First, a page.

The Indian military, in particular the Indian Army have been pushing for the battle to be taught in India's schools. They want it taught due to the heroism shown by the Indian soldiers to act as inspiration for young children – in the field of bravery. There were articles like these, printed in the Punjab's longest-established newspaper, The Tribune in 1999: "the military action at Saragarhi is taught to students the world over and particularly to students in France."[16] Although there seems to be no evidence for this claim (it is not, for example, on France's national school curriculum[17]) the news was enough to provoke political debate, and the battle has been taught in schools in the Punjab since 2000:

Saragarhi Day

Saragarhi Day
Official name Saragarhi Day
Observed by India[3] (also observed by Sikhs worldwide)
Type national & international
Significance Honors the 21 military Sikh soldiers who died at the Battle of Saragarhi
Observances Parades, school history projects, government buildings
Date 12 September (or nearest weekday)
Related to Remembrance Day

Saragarhi Day, is a Sikh military commemoration day celebrated on 12 September every year to commemorate The Battle of Saragarhi.[3] Sikh military personnel and Sikh non-military people commemorate the battle around the world every year on 12 September. All units of the Sikh Regiment celebrate Saragarhi Day every year as the Regimental Battle Honours Day.

Saragarhi Memorial Gurudwara (temple) was built in memory of the 21 Sikh soldiers that fought at The Battle of Saragarhi.[19]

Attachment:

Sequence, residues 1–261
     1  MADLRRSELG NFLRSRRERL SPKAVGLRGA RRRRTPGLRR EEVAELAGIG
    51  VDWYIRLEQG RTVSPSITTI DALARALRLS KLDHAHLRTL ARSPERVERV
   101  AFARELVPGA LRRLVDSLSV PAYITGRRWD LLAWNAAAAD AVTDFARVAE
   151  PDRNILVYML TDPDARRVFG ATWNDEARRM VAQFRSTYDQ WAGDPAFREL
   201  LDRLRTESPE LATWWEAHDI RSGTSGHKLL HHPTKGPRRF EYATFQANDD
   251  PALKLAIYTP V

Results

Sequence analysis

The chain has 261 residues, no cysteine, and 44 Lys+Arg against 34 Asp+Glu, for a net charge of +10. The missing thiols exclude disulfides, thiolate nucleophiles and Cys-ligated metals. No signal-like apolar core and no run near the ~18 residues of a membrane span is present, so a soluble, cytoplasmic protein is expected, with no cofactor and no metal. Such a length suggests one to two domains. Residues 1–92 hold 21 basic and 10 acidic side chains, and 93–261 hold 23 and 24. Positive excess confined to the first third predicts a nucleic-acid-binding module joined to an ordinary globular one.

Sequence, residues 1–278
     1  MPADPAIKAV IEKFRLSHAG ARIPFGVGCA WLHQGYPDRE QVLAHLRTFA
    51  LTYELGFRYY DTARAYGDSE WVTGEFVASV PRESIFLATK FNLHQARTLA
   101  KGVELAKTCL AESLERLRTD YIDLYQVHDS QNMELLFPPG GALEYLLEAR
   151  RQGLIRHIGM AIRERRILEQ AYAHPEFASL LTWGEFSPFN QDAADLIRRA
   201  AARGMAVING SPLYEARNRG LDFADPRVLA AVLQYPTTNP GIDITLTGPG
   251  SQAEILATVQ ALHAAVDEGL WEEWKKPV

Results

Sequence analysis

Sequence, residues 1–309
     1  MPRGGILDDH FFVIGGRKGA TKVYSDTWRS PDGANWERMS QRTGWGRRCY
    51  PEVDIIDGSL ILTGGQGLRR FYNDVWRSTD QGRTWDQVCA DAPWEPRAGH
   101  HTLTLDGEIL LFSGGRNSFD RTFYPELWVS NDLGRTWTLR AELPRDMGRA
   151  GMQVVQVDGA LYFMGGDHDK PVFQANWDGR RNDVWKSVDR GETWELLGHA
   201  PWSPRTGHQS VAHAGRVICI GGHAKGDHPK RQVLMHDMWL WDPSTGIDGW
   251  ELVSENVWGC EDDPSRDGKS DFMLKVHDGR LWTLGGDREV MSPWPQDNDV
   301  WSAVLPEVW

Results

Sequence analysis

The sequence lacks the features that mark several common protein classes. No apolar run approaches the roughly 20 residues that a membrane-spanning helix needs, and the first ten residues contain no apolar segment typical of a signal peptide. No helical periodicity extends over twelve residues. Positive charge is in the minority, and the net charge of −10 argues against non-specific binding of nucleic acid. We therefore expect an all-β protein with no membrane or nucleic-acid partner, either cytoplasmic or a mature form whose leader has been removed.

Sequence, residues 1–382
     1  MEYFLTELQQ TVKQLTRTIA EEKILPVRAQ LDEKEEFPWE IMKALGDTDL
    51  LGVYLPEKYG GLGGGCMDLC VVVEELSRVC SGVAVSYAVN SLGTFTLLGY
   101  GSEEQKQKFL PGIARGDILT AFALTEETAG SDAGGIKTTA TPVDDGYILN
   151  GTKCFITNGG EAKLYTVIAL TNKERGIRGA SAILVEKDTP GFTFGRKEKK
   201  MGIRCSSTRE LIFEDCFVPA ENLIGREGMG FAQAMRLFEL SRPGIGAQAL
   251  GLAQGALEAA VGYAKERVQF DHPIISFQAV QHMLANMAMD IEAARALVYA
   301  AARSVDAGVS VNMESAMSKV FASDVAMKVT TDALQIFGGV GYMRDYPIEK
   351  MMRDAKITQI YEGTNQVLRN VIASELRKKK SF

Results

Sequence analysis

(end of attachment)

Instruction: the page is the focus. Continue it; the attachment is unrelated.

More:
Saragarhi Day in the UK

Saragarhi was commemorated by the British Armed Forces in the UK for the first time at Royal Military Academy Sandhurst in November 2013.

Saragarhi Day was marked on the battle honour day on 12 September 2014 at Sandhurst.

Saragarhi Challenge Cup

The British and Indian armies’ polo teams commemorated the battle in 2010, by holding the Saragarhi Challenge and raising money for the British Asian Trust. The competition was only held once again in 2011.[9]

Saragarhi and Thermopylae

The battle has frequently been compared to the Battle of Thermopylae,[15] where a small Greek force faced a large Persian army of Xerxes (480 BC).

The comparison is made because of the overwhelming odds faced by a tiny defending force in each case, and the defenders' brave stand to their deaths, as well as the extremely disproportionate number of fatalities caused to the attacking force.

It is important[clarification needed] to note that during the Battle of Saragarhi, the British did not manage to get a relief unit there until after the 21 had fought to their deaths. At Thermopylae, the 300 Spartans and their allies also stayed after their lines had been outflanked, to fight to their deaths.